Rachel’s information is absolutely accurate.
RemoteFX virtual graphics adapter uses an API interception mechanism that translates API calls from the Microsoft driver in the guest VM and passes those calls to the hardware driver in the Hyper-V host.
What you see with the K2 is the Microsoft driver intercepting and translating those API calls and passing them to the Nvidia driver in the Hyper-V host.
It’s also worth noting a couple of things
The Remote FX virtual graphics adapter is only enabled in fully featured RemoteFX sessions, any other connection method disables it.
It’s also limited to DirectX, OpenGL is not supported in the 2012R2 release ( Server 2016 does though). So I’m surprised you’re seeing Solidworks use the GPU (it may be running on CPU at a very low feature level).
Anyhow, you asked about M60 support for Hyper-V.
In the case of the M60 there is currently no official support for bare metal deployments, which this type of installation is becasue it’s installed into Server 2012R2 (no support for core services, you must have the GUI).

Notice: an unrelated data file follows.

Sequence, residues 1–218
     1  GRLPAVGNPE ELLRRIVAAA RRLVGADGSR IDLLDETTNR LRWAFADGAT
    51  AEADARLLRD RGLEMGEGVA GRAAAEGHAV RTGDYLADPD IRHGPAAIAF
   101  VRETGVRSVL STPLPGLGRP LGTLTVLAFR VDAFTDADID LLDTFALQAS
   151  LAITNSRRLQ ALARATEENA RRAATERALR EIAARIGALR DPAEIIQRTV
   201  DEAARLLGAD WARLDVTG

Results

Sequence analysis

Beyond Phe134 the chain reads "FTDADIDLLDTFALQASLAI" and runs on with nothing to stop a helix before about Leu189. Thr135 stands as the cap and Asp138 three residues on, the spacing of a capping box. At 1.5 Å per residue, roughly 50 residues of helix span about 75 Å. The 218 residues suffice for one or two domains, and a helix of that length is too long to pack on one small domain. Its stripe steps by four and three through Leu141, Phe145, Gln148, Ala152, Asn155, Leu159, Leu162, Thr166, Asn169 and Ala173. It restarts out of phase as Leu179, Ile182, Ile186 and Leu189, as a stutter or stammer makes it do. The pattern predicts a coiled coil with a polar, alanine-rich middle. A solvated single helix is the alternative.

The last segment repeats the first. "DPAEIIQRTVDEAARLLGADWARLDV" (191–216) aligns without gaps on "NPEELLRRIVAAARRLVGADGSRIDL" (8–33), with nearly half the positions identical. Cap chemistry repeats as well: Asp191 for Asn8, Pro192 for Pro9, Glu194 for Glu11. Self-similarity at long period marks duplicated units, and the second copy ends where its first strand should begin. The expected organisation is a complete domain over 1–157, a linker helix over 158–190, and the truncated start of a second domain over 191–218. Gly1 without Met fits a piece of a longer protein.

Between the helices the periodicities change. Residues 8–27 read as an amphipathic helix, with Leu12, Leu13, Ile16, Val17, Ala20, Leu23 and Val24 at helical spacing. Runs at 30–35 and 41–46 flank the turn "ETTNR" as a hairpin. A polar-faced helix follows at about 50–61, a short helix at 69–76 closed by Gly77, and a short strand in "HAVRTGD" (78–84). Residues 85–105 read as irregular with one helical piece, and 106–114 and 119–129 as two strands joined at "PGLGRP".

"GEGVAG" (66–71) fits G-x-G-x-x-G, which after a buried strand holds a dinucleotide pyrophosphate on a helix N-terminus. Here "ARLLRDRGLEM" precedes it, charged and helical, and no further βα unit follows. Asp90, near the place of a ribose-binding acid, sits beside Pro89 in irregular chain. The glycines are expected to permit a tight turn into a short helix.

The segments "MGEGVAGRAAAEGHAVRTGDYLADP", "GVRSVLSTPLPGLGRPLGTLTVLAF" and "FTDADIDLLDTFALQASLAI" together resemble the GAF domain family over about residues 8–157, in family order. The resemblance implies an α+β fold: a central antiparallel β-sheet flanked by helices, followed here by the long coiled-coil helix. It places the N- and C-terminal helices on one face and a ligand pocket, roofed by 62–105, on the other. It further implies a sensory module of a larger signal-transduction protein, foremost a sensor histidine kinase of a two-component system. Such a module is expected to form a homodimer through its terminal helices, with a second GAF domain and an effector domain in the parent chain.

There are several reasons for this which may change in the future.
However, if you’re happy testing out an unsupported feature, the Tesla M60 can technically be used with Hyper-V 2012R2 to deliver the virtual graphic functionality. You will need an additional graphics adapter in the host to install your OS and you will still require a license for each running VM at the level of vPC Edition. Once you have these licenses and hence access to the license portal you will be able to download the GRID for Windows drivers. Evaluation licenses are available btw.
With the upcoming release of Server 2016 Nvidia plans to support Tesla M60, M6 and the newly announced M10 boards for DDA. This feature has been available for trial since Server 2016 TP4, so with the same drivers as above you can test the functionality.
If you have an M60 card and require evaluation licenses, you can request them here: